TV’s Disappearing Act

Television viewing among 18- to 24-year-olds reaches its lowest level yet. 

TV watchingThe latest figures from Nielsen are quite telling:  The decline in TV watching by younger viewers is continuing – and it’s doing so at an accelerating pace.

Looking at year-over-year numbers and taking an average of the four quarters in each year since 2011, we see that the average number of hours younger viewers (age 18-24) spend watching television has been slipping quite dramatically:

  • 2011: ~24.8 hours spent watching TV weekly
  • 2012: ~22.9 hours
  • 2013: ~22.0 hours
  • 2014: ~19.0 hours

It’s nearly a 25% decline over just four years.  More significantly, the most recent yearly decline has been at a much faster clip than Nielsen has recorded before:

  • 2011-12 change: -7.7%
  • 2012-13 change: -3.9%
  • 2013-14 change: -13.6% 

So far this year, the trend doesn’t appear to be changing.  1st quarter figures from Nielsen peg weekly TV viewing by younger viewers at approximately 18 hours.  If this level of decline continues for the balance of the year, watching TV among younger viewers will be off by an even bigger margin than last year.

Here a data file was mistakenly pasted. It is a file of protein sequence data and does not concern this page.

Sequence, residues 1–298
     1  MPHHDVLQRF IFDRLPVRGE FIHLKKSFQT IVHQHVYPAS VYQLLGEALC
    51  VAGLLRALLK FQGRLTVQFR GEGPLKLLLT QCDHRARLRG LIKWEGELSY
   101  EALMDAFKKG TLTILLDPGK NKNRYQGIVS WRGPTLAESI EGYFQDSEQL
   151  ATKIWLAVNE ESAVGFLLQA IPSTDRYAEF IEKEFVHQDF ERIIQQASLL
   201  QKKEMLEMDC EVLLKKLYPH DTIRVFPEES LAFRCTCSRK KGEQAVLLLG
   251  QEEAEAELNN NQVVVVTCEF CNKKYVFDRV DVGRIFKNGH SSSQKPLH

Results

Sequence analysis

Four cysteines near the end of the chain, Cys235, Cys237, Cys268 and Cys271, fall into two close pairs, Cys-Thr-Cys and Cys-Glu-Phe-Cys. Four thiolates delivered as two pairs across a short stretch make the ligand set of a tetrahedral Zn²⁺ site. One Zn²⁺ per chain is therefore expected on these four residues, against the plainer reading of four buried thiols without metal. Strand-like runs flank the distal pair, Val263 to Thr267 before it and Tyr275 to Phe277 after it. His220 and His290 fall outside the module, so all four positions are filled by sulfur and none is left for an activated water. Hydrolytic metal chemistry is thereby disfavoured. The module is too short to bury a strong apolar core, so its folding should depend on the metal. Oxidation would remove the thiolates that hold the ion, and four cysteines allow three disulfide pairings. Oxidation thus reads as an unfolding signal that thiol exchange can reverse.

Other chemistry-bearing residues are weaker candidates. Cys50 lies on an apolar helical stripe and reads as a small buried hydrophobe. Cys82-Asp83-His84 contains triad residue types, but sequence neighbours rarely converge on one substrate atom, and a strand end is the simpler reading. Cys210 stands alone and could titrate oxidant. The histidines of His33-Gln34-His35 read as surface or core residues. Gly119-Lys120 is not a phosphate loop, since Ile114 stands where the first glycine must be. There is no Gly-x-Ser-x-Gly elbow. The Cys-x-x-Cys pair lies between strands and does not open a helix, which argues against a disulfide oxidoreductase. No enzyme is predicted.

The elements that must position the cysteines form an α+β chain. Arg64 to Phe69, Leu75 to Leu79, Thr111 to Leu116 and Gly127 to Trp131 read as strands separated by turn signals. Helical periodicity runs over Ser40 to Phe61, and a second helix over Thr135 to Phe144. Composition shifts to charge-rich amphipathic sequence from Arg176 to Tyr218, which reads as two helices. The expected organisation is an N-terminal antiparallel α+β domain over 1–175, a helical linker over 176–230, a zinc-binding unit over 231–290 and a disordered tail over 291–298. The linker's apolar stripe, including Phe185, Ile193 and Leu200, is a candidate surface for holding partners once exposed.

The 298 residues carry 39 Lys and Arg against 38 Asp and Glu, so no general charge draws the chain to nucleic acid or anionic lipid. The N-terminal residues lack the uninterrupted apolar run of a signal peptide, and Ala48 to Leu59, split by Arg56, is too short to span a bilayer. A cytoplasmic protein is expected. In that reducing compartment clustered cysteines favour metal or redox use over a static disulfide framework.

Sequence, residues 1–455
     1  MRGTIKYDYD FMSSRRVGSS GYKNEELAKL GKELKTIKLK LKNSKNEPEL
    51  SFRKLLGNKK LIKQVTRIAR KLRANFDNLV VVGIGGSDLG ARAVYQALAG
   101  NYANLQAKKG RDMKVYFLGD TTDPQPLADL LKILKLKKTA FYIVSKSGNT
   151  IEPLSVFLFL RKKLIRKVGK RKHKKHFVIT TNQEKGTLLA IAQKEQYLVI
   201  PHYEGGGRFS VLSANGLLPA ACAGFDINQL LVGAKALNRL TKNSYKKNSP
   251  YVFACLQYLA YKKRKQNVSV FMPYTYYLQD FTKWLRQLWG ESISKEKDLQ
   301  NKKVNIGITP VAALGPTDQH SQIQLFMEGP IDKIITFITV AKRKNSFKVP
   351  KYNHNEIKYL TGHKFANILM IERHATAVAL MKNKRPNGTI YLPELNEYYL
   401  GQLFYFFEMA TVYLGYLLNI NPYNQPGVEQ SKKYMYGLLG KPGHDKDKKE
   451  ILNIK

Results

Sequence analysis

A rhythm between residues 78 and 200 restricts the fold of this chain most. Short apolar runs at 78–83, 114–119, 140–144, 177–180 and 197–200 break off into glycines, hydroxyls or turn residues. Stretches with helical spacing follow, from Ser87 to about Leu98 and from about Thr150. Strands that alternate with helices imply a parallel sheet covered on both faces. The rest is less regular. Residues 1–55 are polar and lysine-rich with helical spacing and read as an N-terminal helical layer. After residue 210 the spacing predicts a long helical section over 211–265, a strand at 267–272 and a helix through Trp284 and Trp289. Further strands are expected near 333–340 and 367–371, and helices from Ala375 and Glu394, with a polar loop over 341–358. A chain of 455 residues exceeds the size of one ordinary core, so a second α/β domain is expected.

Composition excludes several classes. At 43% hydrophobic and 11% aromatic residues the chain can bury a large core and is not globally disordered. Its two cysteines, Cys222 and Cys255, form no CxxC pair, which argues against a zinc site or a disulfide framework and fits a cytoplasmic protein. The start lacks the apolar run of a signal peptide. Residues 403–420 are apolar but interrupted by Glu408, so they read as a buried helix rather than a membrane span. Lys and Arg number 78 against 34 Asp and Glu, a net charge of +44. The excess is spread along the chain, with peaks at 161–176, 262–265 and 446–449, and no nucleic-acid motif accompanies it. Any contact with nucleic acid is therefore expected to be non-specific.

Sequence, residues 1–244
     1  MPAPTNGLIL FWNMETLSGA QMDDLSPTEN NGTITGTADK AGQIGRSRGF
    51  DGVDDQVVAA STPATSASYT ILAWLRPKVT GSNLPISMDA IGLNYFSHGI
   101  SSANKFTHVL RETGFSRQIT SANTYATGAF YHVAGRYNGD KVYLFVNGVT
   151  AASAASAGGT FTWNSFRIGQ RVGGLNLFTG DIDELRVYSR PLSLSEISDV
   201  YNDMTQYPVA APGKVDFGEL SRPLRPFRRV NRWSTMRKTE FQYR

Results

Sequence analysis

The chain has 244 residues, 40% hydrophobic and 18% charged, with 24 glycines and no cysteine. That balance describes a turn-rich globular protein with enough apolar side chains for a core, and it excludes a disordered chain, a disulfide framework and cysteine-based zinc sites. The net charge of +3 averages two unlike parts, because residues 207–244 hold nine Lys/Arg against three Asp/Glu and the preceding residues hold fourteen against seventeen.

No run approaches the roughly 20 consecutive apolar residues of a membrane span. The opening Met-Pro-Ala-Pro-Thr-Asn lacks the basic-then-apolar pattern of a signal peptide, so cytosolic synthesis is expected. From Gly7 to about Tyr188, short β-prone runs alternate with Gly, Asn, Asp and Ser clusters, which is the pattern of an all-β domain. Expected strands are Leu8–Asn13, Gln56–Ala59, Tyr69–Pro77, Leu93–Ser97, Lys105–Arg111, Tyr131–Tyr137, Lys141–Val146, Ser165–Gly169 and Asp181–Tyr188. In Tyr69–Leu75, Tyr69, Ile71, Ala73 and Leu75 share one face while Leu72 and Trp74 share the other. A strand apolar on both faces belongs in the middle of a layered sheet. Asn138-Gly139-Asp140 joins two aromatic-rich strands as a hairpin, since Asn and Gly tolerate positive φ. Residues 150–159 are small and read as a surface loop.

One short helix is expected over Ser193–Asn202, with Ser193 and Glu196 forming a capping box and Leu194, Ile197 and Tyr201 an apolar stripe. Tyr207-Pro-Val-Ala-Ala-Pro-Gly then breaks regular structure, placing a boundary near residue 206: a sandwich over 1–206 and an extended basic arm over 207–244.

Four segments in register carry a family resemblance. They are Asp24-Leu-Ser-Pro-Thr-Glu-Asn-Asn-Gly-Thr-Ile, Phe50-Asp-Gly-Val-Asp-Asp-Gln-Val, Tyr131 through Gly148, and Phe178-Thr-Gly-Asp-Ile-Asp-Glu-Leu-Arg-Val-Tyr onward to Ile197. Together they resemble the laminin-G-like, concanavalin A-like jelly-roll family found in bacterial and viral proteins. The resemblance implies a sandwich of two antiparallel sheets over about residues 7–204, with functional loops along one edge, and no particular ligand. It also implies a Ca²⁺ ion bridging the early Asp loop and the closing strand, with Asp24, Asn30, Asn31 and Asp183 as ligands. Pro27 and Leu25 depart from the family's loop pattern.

There’s no question that the “great disappearing television audience” is due mainly because of the younger generation of viewers.  By contrast, people over the age of 50 surveyed by Nielsen watch an average of 47.2 hours of television per week — nearly three times higher.

picLest you think that the time saved by younger viewers is going into outdoor activities or other recreational pursuits and interests, that’s certainly not the case.  They’re spending as much time using digital devices (smartphones, tablets and/or PCs) as they are watching TV.

So, it’s a classic case of shifting within the category (media consumption), rather than moving out of it.

I don’t think very many people are surprised.

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